Underground, Burn Out and Lift-Ticket use Spy-Eye to try and track down a nearby Waruder hive, the cause of the planetary shut down. C-81’s group bump into them, prompting the Burn Out, Lift-Ticket, and Spy-Eye to flee. Stepper and Battletrap assume that the fleeing "’bots" are off to report their whereabouts to the O.Z.S.A., and so the criminal gang decides to give chase. They soon lose their trail, and find themselves in the middle of the aforementioned Waruder hive. The hostile invaders engage the group. Though the criminals are initially successful and fighting back against the Waruders, the invader leader Zaptrap appears with supplementary soldiers, and forces C-81 and the others to flee. Cybertron’s most wanted are soon overtaken, and crash through an unstable floor as more Waruders converge upon them. With several of their members badly damaged, things look grim… But General Optimus Prime and Sergeant Hound, soon followed by Lift-Ticket and Burn Out, arrive to lend a hand. Lift-Ticket explains to Optimus and C-81 that the Waruder hive’s venom caused the planetary surge, and that the TransTechs’ condition can be reversed if he can collect a sample of this hive’s venom. Lift-Ticket is then badly damaged by a Waruder soldier, revealing him to in reality be a mech piloted by the human Cline. This turn of events gives C-81 an idea, and the Decepticon rips Beet-Chit out of Zaptrap. Holding the Waruders’ leader hostage, he forces the bug to negotiate with Optimus and himself. The Waruders agree to provide the Cybertronians with a venom sample in exchange for safe passage to an abandoned Cybertron via C-81’s interuniversal gate. Though Optimus impounds C-81’s gate after the deportation is completed, he allows C-81’s group to "slip away" in recompense for their aid in thwarting the Waruder invasion. Sergeant Hound apologizes to Cline and Dia that he can’t aid them further in their war against the Waruders due to the TransTechs’ non-interference policy. The humans understand and leave the Autobots on good terms.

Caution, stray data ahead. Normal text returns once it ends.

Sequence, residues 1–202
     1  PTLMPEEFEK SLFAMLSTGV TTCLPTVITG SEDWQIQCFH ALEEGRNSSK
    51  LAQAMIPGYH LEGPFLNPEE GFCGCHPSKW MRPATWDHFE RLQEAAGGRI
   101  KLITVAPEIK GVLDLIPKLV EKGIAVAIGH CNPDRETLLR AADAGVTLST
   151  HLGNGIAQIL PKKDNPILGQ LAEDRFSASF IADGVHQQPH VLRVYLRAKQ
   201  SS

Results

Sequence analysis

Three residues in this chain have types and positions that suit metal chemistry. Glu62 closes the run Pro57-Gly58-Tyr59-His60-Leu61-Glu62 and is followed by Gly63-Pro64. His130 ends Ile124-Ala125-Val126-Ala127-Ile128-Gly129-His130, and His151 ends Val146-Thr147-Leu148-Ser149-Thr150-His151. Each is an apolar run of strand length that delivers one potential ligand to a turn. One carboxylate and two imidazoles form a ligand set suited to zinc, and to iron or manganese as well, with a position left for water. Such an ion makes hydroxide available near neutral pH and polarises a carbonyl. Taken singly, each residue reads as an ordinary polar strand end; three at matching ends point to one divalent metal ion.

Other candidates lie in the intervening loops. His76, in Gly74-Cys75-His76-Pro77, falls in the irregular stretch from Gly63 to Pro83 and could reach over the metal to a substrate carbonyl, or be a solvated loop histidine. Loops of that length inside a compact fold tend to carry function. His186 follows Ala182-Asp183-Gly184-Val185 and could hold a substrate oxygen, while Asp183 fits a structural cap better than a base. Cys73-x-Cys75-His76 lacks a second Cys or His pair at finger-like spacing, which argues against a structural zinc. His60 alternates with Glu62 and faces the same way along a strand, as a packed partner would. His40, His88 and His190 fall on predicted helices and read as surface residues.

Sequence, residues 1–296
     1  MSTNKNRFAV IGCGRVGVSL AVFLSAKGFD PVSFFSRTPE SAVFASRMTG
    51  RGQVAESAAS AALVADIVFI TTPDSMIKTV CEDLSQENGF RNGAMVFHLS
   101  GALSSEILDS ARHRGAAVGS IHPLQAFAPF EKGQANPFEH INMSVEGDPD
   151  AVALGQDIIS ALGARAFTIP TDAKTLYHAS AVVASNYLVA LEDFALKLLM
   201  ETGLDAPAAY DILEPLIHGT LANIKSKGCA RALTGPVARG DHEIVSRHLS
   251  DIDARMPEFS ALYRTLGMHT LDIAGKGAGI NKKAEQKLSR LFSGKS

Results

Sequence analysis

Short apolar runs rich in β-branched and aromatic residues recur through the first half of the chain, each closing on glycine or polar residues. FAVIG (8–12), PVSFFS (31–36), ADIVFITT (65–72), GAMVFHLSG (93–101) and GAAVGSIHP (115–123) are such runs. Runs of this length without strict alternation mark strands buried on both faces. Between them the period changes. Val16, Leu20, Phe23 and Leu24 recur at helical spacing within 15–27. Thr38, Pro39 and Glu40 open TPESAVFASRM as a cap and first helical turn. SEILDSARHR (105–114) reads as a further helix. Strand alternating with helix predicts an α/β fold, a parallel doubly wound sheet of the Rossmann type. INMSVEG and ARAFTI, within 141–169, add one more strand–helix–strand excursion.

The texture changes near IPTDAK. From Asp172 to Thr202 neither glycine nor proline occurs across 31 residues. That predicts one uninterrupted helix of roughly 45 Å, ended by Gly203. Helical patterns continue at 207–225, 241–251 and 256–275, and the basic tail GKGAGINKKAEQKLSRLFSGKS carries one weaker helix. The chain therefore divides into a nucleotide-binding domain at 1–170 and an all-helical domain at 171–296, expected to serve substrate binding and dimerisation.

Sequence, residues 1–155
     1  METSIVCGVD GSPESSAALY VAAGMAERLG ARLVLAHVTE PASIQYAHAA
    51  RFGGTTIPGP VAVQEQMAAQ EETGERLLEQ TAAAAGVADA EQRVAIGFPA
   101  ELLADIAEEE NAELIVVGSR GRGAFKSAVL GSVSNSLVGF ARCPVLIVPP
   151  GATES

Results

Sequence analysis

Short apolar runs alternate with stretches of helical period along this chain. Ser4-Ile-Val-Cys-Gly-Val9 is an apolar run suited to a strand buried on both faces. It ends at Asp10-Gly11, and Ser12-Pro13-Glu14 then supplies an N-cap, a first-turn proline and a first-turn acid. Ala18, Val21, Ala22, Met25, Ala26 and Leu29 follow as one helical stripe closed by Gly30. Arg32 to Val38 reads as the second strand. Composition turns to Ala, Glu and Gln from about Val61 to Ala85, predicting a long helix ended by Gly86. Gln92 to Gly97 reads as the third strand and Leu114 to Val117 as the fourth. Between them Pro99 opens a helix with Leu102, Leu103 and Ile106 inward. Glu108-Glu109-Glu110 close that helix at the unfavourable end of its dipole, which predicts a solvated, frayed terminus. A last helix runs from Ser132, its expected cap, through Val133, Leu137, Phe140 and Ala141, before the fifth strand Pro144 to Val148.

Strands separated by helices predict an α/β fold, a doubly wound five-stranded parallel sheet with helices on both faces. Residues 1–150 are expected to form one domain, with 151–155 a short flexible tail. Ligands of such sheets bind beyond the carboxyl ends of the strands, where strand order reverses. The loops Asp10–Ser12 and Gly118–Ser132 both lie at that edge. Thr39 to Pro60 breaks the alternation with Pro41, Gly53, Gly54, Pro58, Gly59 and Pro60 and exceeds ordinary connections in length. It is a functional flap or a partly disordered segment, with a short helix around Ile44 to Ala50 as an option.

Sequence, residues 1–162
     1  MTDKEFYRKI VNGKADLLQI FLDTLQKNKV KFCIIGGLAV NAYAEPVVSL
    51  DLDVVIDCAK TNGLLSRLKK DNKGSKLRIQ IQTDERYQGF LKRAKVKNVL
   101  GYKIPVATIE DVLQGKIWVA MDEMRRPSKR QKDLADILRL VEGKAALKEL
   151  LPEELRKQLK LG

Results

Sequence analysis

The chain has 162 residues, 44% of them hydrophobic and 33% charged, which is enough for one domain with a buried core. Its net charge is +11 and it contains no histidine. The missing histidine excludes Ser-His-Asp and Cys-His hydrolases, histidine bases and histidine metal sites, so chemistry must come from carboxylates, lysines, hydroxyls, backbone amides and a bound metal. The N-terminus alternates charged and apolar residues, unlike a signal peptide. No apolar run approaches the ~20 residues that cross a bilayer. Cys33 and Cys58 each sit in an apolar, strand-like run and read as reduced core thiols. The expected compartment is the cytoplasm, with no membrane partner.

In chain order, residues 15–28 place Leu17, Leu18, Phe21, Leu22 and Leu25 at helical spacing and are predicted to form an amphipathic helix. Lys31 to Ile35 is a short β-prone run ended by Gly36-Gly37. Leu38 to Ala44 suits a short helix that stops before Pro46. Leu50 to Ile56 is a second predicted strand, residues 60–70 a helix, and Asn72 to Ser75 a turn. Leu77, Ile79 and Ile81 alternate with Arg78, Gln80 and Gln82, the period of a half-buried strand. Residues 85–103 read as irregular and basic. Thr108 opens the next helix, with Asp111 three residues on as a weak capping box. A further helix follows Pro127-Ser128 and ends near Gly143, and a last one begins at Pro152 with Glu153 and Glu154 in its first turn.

The General later reports to Starscream, Prowl, and the Convoy, as the TransTechs are slowly recovering. The General tells Starscream and Prowl that the rumors surrounding C-81 were only rumors, assuring them the TransTechs could never mistakenly allow a "Megatron" on-planet. The TransTechs are satisfied, but the rest of the Convoy is savvy to the General’s lie. They nonetheless accept to cover up C-81’s identity, with Beast Prime stating that if the General trusts C-81, so does the rest of the Convoy.